- Biden says use of term considered offensive was a "poor choice"
- Vice President Joe Biden used the term "Shylocks" in a speech Tuesday
- The term is considered anti-Semitic
- A large Jewish group said Biden "should have been more careful"
Vice President Joe Biden said on Wednesday his use of the term "Shylocks," which some consider anti-Semitic, was "a poor choice of words."
His statement came a day after the national director of the Anti-Defamation League issued a mild rebuke of the vice president's use of the word, saying Biden "should have been more careful."
At a Tuesday conference marking the 40th anniversary of the Legal Services Corporation, Biden recalled anecdotes from his son's experience serving in Iraq and meeting members of the military who were in need of legal help because of problems back at home.
"That's one of the things that he finds was most in need when he was over there in Iraq for a year," Biden said. "That people would come to him and talk about what was happening to them at home in terms of foreclosures, in terms of bad loans that were being ... I mean these Shylocks who took advantage of, um, these women and men while overseas."
ADL National Director Abraham Foxman said Wednesday that the vice president called him.
"Clearly, there was no ill intent here, but Joe and I agreed that perhaps he needs to bone up on his Shakespeare. There is no truer friend of the Jewish people than Joe Biden," Foxman said in a statement. "Not only has he been a stalwart against anti-Semitism and bigotry, but he has the courage and forthrightness to admit a mistake and use it as an opportunity to learn and to teach others about the harmful effects of stereotypes. He has turned a rhetorical gaffe into a teachable moment."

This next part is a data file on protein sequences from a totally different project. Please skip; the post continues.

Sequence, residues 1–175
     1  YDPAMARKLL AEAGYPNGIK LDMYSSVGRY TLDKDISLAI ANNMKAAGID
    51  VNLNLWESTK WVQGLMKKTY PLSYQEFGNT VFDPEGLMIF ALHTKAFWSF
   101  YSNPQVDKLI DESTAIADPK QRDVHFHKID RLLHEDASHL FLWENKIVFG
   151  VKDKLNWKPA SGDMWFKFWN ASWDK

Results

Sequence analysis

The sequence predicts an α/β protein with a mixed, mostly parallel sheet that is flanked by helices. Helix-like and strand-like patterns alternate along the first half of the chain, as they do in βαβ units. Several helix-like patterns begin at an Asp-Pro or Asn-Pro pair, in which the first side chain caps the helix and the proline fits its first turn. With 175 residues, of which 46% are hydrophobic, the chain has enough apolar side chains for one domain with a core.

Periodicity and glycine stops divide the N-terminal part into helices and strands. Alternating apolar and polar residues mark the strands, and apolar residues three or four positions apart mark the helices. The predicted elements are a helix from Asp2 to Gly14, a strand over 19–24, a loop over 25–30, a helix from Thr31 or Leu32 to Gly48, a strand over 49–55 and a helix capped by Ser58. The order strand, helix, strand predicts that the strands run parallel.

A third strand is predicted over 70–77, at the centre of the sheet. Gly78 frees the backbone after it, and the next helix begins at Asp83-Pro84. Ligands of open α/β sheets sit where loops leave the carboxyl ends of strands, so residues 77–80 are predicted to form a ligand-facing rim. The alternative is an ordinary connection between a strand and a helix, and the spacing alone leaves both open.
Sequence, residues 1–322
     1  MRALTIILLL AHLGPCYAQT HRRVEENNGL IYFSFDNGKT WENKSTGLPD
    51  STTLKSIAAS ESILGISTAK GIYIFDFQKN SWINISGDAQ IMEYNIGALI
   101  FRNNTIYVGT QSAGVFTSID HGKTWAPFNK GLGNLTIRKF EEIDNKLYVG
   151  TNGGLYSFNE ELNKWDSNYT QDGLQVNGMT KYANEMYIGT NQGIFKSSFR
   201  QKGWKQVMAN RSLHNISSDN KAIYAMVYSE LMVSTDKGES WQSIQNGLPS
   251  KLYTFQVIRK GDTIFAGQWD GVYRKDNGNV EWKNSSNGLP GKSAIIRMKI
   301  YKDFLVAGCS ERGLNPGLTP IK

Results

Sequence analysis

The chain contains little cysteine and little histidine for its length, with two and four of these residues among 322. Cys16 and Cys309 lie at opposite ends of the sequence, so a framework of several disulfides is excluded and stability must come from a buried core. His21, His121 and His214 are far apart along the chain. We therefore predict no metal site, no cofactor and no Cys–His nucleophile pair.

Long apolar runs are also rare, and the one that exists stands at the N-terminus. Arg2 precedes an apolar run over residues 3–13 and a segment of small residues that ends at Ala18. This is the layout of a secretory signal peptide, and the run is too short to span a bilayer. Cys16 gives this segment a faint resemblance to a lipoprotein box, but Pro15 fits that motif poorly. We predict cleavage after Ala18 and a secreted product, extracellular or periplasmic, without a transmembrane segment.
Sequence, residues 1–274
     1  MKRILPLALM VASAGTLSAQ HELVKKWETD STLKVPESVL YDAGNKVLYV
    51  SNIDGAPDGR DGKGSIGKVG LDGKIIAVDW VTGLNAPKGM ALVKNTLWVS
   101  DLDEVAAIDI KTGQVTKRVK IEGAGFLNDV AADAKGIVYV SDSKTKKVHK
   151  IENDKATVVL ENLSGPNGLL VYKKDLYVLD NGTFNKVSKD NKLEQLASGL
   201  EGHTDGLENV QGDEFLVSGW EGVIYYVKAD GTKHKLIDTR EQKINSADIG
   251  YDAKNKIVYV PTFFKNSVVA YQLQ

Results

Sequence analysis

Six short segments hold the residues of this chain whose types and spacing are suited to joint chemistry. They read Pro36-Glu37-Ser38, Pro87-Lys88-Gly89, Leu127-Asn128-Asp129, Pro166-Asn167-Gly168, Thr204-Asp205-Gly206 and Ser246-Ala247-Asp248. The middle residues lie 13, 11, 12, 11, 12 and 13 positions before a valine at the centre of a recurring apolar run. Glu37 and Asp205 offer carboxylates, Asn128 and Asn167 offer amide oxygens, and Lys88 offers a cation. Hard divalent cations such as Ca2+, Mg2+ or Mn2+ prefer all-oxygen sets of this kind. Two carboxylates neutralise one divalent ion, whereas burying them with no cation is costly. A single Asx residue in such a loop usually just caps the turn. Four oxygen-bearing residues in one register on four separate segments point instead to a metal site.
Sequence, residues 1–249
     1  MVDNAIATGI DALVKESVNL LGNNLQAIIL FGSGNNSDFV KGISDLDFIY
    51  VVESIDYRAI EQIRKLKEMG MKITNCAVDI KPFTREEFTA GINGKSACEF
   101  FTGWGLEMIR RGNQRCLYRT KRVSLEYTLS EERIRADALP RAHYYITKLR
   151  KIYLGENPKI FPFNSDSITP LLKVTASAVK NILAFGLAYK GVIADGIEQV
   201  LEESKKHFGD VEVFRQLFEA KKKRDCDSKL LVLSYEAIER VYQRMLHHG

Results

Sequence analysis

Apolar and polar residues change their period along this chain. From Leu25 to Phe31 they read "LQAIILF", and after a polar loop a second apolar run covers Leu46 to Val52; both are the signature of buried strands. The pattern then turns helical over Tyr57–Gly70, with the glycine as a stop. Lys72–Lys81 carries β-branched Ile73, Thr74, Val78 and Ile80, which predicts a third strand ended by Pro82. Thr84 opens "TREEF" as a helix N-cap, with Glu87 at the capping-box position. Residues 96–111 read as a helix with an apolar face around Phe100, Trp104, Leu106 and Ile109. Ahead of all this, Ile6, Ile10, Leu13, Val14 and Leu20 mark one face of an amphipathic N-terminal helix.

The name "Shylock" derives from the name of the antagonist in Shakespeare's "Merchant of Venice." Shylock, a Jew, was a ruthless moneylender in the play, and he's remembered for demanding a "pound of flesh" from the merchant Antonio if he failed to repay a loan.
On Tuesday, Foxman chided Bided, saying he "should have been more careful," and added that the term "represents the medieval stereotype about Jews and remains an offensive characterization to this day."
Biden said Foxman has been a longtime "friend and adviser" and was correct in his assessment of Biden's word choice.
Biden, who's considering a presidential bid in 2016, traveled to Iowa on Wednesday to speak at a kickoff event for Nuns on the Bus, a liberal Catholic social justice group based in Washington.